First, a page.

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Look up! The Orionids meteor shower peaks this weekend, here's how to see it

The skies are set to mesmerize spectators this weekend with the peak of the Orionids meteor shower, described by NASA as one of the most beautiful showers of the year.

The Orionids, which are remnants of the well-known Halley’s comet, ramp up their activity each fall in late October. 

The point from which the meteors appear to radiate is located near the constellation Orion, specifically near its “club.” This is how the meteor shower got its name.

Orionids known for astonishing speed

According to NASA, the Orionids are known for their brightness and mind-boggling speed – traveling into Earth’s atmosphere at about 148,000 miles per hour.

Their swift trajectory often leaves behind radiant “trains” that linger and occasionally morph into brilliant fireballs. 

Peak activity

While the Orionids meteor shower lasts from September 26 to November 22, the event will reach its peak this weekend. The peak activity will begin after midnight on Friday, October 20, with the most vibrant display taking place in the early morning hours on Sunday. 

With the first quarter moon setting around midnight on October 22, moonlight interference will be minimal. At their peak, the Orionids are expected to blaze across the sky at a rate of up to 23 meteors per hour.

How to see the Orionids

“The Orionids are viewable in both the Northern and Southern hemispheres during the hours after midnight. Find an area well away from the city or street lights. Come prepared with a sleeping bag, blanket, or lawn chair,” says NASA.

“Lie flat on your back with your feet facing southeast if you are in the Northern Hemisphere or northeast if you are in the Southern Hemisphere, and look up, taking in as much of the sky as possible.”

“In less than 30 minutes in the dark, your eyes will adapt and you will begin to see meteors. Be patient – the show will last until dawn, so you have plenty of time to catch a glimpse.”

Halley’s Comet 

The Orionids are associated with Halley’s Comet, which leaves a trail of debris as it orbits the Sun. When Earth passes through this debris, particles burn up in our atmosphere, creating the meteor shower. Interestingly, Halley’s Comet also gives rise to another meteor shower, the Eta Aquariids, which occurs in early May.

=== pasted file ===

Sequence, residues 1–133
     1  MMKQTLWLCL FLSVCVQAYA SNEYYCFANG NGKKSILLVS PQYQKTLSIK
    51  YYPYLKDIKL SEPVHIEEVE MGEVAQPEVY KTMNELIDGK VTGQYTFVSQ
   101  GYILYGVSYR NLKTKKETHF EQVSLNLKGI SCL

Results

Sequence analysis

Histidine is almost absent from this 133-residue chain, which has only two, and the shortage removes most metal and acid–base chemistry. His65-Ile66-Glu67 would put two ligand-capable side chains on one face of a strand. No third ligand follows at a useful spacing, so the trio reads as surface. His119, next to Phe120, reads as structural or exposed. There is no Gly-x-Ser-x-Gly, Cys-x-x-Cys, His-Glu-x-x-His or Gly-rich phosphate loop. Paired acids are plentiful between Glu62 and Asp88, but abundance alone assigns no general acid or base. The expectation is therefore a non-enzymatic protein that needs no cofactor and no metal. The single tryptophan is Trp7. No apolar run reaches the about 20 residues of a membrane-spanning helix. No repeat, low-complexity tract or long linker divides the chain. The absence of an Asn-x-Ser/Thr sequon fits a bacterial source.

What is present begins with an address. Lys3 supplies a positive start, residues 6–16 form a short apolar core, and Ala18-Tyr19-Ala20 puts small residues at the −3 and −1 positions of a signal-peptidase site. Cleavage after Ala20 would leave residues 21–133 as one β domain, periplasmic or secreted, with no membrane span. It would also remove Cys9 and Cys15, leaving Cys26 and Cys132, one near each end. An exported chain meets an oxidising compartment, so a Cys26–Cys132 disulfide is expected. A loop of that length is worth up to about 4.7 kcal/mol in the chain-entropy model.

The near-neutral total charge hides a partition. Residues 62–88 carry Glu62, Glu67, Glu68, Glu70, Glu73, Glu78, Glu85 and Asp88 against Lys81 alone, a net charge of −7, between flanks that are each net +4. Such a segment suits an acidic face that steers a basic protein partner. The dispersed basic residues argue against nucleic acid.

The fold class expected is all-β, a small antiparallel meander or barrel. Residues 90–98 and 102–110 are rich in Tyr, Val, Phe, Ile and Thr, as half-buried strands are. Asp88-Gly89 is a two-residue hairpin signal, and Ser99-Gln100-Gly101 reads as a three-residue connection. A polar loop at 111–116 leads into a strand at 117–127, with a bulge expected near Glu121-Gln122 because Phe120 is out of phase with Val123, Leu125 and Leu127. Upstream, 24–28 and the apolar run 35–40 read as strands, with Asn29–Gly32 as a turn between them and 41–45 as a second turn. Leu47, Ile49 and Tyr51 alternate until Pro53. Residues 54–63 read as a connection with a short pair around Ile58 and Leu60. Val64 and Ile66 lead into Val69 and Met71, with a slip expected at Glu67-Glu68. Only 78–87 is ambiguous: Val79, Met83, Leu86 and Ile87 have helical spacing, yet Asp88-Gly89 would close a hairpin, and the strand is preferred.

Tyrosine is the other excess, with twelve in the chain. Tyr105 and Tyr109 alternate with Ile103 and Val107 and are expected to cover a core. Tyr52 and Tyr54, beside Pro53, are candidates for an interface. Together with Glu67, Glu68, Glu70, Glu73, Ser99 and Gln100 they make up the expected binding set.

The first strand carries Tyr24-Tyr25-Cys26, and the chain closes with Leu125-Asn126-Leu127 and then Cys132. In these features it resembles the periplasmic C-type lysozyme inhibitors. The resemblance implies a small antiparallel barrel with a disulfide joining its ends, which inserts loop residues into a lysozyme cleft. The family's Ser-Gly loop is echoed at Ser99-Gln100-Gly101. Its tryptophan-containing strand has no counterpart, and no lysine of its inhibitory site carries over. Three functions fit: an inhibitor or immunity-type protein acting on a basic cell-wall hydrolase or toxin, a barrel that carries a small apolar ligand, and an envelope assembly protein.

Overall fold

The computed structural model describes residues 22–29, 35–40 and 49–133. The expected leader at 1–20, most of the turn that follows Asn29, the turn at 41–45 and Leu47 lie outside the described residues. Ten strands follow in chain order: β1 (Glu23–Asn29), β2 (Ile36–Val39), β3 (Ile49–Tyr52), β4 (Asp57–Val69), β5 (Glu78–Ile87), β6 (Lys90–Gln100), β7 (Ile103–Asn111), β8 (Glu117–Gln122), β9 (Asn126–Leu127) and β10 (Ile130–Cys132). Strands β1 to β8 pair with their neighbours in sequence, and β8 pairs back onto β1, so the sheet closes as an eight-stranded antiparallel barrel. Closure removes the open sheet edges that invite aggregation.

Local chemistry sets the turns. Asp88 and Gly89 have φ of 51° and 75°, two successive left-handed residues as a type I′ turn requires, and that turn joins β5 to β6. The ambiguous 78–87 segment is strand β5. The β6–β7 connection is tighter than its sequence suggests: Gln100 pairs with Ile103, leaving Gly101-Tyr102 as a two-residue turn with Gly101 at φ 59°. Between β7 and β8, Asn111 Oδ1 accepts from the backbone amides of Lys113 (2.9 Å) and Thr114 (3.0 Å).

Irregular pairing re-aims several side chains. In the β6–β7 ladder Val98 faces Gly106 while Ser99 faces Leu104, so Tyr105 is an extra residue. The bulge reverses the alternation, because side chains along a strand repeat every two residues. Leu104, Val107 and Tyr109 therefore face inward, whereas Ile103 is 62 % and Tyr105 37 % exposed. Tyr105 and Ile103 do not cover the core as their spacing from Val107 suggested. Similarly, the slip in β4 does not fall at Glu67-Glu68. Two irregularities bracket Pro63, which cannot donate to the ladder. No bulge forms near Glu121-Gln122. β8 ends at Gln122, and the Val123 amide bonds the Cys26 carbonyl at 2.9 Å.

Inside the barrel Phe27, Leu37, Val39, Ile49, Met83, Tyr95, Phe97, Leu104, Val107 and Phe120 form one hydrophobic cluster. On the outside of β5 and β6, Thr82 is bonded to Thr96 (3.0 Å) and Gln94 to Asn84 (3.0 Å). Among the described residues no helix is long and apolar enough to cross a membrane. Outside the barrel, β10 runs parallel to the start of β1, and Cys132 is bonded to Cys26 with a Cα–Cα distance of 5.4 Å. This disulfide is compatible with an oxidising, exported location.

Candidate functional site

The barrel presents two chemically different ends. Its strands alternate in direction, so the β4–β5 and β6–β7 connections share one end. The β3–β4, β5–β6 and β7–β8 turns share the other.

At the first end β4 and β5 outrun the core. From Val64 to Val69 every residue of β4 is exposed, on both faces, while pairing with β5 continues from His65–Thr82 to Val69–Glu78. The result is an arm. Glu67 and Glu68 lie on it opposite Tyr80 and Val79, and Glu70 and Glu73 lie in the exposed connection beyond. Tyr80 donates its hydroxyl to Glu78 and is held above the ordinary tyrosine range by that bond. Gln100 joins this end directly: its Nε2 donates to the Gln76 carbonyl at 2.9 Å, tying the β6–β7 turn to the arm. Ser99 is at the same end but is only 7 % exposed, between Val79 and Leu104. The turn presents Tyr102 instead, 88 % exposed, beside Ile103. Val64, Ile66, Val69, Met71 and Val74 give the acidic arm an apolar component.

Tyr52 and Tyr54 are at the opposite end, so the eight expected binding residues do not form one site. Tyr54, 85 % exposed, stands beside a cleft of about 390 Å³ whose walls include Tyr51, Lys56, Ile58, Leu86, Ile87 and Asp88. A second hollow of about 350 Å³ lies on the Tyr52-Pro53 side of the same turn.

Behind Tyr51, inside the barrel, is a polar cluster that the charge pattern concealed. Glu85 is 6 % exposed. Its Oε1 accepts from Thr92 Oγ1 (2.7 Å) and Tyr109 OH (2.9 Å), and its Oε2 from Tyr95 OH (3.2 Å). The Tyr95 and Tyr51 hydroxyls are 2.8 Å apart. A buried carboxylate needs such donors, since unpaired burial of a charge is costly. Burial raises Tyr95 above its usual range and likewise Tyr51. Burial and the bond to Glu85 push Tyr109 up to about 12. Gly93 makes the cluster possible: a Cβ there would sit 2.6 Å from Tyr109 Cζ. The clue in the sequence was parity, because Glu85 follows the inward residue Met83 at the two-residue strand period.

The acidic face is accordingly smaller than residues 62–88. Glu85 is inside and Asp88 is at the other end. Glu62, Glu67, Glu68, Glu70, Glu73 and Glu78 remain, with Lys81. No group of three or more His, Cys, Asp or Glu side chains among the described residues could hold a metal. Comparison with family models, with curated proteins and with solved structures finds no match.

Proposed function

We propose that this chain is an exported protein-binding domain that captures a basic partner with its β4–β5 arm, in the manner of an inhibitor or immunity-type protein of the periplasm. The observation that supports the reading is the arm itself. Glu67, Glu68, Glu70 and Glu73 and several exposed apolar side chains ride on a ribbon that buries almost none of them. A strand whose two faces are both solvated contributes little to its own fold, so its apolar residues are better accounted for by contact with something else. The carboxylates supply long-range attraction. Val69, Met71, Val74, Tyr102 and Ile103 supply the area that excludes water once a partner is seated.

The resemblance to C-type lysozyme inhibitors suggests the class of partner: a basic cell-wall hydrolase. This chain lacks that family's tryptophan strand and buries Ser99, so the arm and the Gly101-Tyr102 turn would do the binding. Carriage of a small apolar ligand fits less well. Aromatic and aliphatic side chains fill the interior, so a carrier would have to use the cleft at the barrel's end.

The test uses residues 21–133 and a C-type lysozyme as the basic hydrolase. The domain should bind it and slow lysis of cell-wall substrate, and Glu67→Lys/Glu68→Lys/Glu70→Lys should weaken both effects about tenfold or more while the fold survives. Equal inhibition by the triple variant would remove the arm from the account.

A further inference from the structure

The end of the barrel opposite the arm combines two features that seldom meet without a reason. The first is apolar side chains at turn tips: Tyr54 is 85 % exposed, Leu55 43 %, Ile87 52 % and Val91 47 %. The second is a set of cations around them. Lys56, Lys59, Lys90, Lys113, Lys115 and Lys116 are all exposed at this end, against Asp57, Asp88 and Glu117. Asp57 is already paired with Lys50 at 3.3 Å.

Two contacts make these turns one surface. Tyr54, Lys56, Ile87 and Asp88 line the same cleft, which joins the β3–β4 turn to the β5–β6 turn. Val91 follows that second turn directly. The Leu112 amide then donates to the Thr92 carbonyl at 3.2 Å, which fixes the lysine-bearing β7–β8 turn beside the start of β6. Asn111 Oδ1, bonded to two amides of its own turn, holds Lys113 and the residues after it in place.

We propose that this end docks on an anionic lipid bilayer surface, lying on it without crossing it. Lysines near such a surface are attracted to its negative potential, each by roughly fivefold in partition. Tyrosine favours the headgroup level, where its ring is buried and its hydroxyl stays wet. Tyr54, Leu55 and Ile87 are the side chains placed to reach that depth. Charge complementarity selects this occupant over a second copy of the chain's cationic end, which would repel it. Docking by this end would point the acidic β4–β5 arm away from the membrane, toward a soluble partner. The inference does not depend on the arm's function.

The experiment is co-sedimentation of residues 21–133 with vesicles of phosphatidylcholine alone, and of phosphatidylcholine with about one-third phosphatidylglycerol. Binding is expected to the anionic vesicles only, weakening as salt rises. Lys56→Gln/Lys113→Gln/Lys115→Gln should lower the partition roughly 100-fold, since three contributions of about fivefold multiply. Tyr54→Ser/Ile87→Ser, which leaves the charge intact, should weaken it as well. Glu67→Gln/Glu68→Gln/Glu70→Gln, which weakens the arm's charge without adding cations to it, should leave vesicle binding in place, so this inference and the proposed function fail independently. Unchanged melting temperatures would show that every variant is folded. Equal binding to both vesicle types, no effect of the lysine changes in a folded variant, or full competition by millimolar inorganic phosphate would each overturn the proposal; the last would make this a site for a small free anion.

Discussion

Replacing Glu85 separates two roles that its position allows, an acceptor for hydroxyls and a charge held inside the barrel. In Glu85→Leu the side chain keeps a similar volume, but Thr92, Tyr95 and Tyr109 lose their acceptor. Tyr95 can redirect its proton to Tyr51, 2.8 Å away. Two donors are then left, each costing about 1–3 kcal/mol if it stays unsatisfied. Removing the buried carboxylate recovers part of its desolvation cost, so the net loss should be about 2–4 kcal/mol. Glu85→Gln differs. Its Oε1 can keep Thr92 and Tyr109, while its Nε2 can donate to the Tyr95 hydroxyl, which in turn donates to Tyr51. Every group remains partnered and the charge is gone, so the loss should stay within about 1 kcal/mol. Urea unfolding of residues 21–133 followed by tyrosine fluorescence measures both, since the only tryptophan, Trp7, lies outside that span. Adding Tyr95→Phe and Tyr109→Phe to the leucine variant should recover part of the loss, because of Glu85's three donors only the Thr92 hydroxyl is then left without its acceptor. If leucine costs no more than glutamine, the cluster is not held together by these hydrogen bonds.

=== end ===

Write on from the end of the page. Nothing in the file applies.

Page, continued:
Halley’s Comet is one of the most famous comets, and its periodic appearances have been documented for millennia. The last time Halley’s Comet was visible from Earth was in 1986, and it’s predicted to return in 2061.


The comet is named after the British astronomer Edmond Halley, who first predicted its return in 1758. However, the comet itself has been observed for over 2,000 years.


Halley’s Comet orbits the Sun approximately once every 76 years, though this can vary slightly with each pass. Its orbit is elliptical, taking it far beyond Neptune and then back inside the orbit of Venus.


Like other comets, Halley’s Comet is made up of ice, dust, and rocky material. As it approaches the Sun, the heat causes the icy nucleus to vaporize and release dust, creating its glowing coma and characteristic tail.


Halley’s Comet is significant not only because of its brightness and visibility from Earth but also because its periodic returns have allowed astronomers to study a single comet over multiple orbits.

Historical observations

The comet’s appearances have been recorded by various cultures throughout history. For instance, it’s believed to have been depicted in the Bayeux Tapestry, which describes the Norman conquest of England in 1066.

Spacecraft exploration

In 1986, several spacecraft (most notably the European Space Agency’s Giotto) conducted flybys of Halley’s Comet, providing the first close-up images of its nucleus and delivering valuable data about its composition and structure.

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